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How Jamie Dimon Whiffed on the Volcker Rule

If the Jamie Dimon hearing was ever going to be more than just political theater, it would have answered at least one essential question: Would the Volcker rule have prevented the so-called hedges that led to $2 billion in losses at JPMorgan?

President and CEO of JPMorgan Chase Co. Jamie Dimon (L) arrives to testify before a Senate Banking Committee hearing on Capitol Hill June 13, 2012 in Washington, DC.
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President and CEO of JPMorgan Chase Co. Jamie Dimon (L) arrives to testify before a Senate Banking Committee hearing on Capitol Hill June 13, 2012 in Washington, DC.

Instead, and incredibly, Dimon contended twice that he didn’t know what the Volcker rule says. “I don’t know what the Volcker Rule is, it hasn’t been written yet,” the regaled banking chief told senators today.

Note to Mr. Dimon and his handlers: The proposed rule, mandated by the Dodd-Frank legislation, was published in November in the Federal Register and opened for public comment. Financial regulators are now in the process of finalizing it. That, after all, is why there’s a discussion. If the trade and the losses inform the rule, there’s still time to change it.

At least somewhat contradictorily, the chief of JPMorgan had earlier said it wasn’t clear that the rule would have prevented the trade. A little later he said, “It may very well have stopped parts of what this portfolio morphed into.” Which is it? Does he not know what’s been in the proposed rule that’s been available for seven months, or does he know enough about the rule to say it would not have prevented the trade?

Fortunately for Dimon, the senators didn’t seem to know much more than he did. Had they taken the time to read the rule, they would have known that the proposed rule requires a series of compliance steps that would appear to have had a profound effect on the errant trades.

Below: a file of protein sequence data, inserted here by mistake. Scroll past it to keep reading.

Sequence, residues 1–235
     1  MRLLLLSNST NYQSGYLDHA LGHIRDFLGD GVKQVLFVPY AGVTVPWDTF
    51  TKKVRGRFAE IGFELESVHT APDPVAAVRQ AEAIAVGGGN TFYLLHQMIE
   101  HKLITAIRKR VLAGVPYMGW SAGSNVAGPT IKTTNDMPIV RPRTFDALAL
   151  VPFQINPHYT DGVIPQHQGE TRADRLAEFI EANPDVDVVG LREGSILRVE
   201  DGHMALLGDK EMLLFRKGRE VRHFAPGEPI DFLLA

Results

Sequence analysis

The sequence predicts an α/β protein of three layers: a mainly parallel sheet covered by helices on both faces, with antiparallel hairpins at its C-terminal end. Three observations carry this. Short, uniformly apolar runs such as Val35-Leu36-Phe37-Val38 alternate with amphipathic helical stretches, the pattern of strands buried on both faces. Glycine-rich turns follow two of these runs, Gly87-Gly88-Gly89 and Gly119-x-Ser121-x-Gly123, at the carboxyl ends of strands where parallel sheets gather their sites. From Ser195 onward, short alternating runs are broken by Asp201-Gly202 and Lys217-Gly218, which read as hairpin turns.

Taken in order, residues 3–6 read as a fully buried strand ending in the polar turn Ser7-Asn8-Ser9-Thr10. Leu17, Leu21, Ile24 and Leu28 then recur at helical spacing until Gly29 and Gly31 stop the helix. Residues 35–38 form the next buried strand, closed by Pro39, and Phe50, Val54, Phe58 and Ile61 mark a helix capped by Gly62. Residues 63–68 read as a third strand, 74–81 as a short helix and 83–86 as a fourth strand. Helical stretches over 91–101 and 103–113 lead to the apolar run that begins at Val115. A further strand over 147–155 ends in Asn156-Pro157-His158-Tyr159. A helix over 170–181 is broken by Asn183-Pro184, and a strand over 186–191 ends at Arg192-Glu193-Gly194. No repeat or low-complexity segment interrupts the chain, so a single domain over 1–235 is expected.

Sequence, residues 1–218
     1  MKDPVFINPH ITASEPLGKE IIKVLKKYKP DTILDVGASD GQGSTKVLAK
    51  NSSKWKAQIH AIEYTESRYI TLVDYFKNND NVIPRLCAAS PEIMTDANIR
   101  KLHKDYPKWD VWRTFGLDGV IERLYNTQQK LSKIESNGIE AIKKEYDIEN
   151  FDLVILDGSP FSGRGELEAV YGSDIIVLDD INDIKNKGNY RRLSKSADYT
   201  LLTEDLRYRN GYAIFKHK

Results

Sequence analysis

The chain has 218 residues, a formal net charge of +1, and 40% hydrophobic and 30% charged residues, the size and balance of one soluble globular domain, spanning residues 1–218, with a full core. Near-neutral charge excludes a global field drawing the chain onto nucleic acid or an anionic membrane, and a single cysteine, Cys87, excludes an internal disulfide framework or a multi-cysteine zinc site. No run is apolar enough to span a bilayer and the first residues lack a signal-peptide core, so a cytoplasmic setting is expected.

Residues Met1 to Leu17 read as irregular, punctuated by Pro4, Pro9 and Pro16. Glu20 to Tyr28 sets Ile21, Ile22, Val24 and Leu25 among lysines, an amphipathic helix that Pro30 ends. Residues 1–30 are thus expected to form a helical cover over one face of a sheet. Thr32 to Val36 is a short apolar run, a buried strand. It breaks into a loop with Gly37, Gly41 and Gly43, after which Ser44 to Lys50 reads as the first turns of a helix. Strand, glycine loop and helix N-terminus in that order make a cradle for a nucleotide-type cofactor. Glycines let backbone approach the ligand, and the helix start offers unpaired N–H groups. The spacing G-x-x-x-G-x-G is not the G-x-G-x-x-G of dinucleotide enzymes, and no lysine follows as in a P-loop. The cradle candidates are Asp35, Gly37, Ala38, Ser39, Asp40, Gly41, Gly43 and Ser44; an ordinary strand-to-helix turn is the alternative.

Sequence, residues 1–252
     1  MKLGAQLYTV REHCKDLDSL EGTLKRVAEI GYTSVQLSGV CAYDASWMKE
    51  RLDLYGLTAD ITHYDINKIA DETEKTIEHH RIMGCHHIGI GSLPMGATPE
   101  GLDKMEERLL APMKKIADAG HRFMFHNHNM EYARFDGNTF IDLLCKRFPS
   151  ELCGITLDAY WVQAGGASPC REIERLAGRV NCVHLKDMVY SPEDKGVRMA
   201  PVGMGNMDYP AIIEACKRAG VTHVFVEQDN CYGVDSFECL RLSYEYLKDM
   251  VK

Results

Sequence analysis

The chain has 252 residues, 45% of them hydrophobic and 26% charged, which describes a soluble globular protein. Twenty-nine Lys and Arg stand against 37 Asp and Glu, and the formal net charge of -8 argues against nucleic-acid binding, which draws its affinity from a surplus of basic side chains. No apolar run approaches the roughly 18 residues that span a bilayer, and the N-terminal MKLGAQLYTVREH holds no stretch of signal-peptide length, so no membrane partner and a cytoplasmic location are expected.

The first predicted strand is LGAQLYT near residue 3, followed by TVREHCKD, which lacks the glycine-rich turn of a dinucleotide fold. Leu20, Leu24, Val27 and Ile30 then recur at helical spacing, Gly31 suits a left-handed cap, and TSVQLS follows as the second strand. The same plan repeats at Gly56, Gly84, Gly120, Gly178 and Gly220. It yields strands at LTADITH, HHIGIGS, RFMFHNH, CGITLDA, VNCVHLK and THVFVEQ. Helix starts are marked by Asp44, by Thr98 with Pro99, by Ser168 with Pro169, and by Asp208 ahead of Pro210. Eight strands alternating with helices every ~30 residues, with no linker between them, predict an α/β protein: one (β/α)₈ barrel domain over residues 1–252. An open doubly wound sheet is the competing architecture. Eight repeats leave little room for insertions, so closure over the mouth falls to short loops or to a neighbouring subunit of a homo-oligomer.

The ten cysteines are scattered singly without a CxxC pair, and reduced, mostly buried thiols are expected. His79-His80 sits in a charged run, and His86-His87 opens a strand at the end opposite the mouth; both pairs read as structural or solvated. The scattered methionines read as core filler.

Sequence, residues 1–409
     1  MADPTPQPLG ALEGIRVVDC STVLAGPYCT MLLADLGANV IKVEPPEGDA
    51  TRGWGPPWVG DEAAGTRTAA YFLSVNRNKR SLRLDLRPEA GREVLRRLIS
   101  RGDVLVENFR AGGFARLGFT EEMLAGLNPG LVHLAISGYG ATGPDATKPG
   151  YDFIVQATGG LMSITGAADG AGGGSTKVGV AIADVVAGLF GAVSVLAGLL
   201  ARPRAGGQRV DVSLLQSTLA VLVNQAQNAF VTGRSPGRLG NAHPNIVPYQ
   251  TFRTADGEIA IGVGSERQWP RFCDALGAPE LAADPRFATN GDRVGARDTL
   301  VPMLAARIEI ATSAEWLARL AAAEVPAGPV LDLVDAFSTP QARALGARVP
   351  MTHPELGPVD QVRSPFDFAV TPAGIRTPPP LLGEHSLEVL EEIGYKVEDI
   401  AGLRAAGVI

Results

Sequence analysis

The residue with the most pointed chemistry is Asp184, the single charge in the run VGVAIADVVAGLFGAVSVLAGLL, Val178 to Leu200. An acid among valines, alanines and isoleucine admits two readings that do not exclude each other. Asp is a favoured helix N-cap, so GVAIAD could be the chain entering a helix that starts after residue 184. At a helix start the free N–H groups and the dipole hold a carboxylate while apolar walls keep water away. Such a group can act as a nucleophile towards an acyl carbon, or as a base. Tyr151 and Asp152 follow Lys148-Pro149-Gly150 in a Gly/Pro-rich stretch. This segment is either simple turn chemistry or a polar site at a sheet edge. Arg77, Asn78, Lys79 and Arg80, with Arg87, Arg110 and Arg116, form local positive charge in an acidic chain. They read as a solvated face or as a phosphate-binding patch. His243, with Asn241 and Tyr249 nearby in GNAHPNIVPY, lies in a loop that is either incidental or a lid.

The proposed Volcker rule does allow for hedging of bank holdings, so-called macro-hedging. But it generally prohibits a hedge that “creates significant new risk exposure.” (Read more about the Volcker Rule).

To Dimon’s own statements that the trades were poorly vetted and supervised, the Volcker rule has a six-step process for ensuring that a hedge is allowed. It requires any bank that engages in hedging “to develop and implement a program” that ensures compliance with the rule. A written plan is required, monitoring is required, training is required.

On the issue of rogue traders or a rogue unit, the rule says: “A banking entity’s compliance regime must include written hedging policies at the trading unit level and clearly articulated trader mandates for each trader to ensure that the decision of when and how to put on a hedge is consistent with such policies and mandates.”

In short, even a cursory reading of the rule suggests JPMorgan would have been required to do many of the things that Dimon says were not done when it came to the big hedges.

It is intensely complicated. And there remains a debate about whether the traders would be considered hedges at all. Dimon speaks of the trades morphing and appears to mean from a hedge to a proprietary trade.

But what was the hearing for if not to figure out the best regulatory policy? Dimon should have come prepared to do battle over meaningful policy. If he was indeed unprepared, senators should have made it their business to point that out.

It was a missed opportunity.

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